California legislators passed two bills that could impact how the state’s hotels and thousands of short-term rentals inform consumers about junk fees, such as resort fees and housekeeping fees. Senate Bill 537 would prohibit businesses selling lodging for up to 30 days in the state from displaying a room rate that doesn’t include all fees or charges (except government-imposed taxes) as of July 1, 2024.
Meanwhile, Senate Bill 478 would bar California businesses from advertising prices that don’t include all mandatory fees or charges, with some exceptions, starting on the same date.
Skift reported that Governor Gavin Newsom had yet to take a position on those two bills.
October 2023: California Bans Junk Fees
California Governor Gavin Newsom signed into law both of the aforementioned bills tackling junk fees. While it’s uncertain how those laws how will impact businesses when they go into effect, Skift reported that if a company doesn’t comply, a consumer could seek “at least $1,000” in damages via the state’s existing consumer protection claims processes.
The laws will go into effect on July 1, 2024.
As for Washington’s ongoing efforts to combat junk fees, the Federal Trade Commission unveiled a proposed rule that would bar businesses — including hotel and lodging companies, short-term rental providers, and car rentals — from charging misleading fees. Businesses would also be required to display the full price of their purchase up front to consumers as well as whether fees are refundable.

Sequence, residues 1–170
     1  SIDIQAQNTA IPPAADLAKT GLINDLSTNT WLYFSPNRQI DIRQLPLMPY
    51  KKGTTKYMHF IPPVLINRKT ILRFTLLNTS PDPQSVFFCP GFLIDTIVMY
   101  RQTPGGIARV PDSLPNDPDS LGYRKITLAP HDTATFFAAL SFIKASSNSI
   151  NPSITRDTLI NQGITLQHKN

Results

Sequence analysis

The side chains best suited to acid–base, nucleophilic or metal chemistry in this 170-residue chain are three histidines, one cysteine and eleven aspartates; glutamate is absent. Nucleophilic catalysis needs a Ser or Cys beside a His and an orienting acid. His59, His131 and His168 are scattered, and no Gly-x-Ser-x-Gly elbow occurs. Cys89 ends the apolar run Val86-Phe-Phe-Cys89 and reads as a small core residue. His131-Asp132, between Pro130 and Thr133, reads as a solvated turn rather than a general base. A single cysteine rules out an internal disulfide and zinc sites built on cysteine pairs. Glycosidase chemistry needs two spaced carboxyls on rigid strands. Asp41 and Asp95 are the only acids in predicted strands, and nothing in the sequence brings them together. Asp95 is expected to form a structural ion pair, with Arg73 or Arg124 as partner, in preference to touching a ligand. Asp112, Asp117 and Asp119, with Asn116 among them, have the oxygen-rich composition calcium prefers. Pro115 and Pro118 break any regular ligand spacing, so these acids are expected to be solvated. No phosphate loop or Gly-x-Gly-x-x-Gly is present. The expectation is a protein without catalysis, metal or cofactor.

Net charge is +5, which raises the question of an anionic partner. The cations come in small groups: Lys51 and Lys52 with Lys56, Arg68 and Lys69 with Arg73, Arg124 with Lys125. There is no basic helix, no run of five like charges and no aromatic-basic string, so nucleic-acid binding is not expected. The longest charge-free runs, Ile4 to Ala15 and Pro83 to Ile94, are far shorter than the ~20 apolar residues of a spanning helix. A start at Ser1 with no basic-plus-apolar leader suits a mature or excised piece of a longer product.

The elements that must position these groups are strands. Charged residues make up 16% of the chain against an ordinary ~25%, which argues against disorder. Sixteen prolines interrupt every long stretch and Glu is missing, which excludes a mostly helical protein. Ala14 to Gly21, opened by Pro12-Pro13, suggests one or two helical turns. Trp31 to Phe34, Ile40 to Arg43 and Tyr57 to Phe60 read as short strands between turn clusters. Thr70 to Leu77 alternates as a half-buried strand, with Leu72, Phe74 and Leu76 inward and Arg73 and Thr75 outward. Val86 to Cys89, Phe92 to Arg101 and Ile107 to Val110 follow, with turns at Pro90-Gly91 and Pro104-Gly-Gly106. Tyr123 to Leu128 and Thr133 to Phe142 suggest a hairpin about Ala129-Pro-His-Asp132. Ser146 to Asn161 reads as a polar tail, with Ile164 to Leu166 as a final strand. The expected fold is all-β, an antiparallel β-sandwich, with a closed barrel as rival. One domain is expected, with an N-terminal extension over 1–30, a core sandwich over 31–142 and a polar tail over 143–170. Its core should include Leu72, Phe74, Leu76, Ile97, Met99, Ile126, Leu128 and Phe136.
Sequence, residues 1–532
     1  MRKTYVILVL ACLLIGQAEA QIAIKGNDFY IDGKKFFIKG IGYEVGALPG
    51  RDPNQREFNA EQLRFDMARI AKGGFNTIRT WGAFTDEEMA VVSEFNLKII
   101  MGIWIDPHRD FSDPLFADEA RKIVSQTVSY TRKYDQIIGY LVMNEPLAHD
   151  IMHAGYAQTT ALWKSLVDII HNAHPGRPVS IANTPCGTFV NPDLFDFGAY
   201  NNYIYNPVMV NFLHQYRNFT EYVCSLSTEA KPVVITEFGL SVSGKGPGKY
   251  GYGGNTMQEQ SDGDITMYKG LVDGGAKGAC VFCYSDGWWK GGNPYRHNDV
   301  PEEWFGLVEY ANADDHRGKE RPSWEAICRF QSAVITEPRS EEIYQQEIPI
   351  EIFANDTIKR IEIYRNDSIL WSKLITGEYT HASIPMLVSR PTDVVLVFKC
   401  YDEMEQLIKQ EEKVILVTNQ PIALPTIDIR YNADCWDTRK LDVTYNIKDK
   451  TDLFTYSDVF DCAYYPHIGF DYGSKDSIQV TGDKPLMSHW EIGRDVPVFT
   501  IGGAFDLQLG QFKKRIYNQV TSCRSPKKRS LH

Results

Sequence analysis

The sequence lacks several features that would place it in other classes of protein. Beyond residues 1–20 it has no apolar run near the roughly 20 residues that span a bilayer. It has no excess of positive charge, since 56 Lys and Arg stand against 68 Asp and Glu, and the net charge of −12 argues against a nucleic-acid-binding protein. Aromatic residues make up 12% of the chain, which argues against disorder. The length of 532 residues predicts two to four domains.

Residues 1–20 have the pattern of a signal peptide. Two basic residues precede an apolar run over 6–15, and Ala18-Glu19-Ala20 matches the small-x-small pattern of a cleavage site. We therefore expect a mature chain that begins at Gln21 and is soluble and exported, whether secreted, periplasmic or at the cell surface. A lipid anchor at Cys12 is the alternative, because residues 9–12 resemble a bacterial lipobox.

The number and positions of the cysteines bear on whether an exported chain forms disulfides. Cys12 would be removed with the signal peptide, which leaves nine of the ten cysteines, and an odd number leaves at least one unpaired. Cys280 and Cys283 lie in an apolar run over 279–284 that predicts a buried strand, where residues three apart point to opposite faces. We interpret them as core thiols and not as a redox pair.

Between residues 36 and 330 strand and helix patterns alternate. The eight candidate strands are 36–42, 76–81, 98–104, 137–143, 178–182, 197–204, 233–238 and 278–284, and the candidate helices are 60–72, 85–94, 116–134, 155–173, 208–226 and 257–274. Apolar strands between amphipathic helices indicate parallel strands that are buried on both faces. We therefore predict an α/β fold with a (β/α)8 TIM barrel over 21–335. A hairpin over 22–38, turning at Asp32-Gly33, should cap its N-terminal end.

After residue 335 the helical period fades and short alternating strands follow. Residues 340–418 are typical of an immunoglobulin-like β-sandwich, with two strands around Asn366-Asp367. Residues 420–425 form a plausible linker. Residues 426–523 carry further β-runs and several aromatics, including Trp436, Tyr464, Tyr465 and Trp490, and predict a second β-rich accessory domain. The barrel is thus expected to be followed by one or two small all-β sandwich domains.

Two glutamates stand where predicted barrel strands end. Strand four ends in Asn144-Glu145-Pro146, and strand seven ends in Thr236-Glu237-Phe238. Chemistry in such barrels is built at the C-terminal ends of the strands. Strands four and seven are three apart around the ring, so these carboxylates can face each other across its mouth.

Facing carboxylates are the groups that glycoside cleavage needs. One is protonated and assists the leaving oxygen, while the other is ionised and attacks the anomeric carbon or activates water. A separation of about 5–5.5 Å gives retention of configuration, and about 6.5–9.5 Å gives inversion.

Companies that don’t comply with the agency’s regulations could be fined and possibly have to provide refunds to consumers, under the FTC’s proposal.
November 2023: U.S. Senate Panel Investigates Airline Fees
A U.S. Senate panel announced it was investigating airline fees for baggage, seat selection, ticket changes, seeking justification from the CEOs of five major carriers that generate billions of dollars in annual revenue from those charges.
“U.S. airlines increasingly charge ancillary fees that obscure the actual cost of air travel,” Senator Richard Blumenthal, chair of the Permanent Subcommittee on Investigations, said in letters he wrote to the chief executives of American Airlines, United Airlines, Delta Air Lines, Spirit Airlines and Frontier Airlines.
Blumenthal said those fees are often hidden from and confusing to the general public.
What Comes Next
The FTC is soliciting comments from the public about junk fees over a 90-day period that ends on February 7, 2024, after which the agency will determine any changes to the proposal. The Department of Transportation expects to issue its final rule on “Enhancing Transparency of Airline Ancillary Service Fees” in March.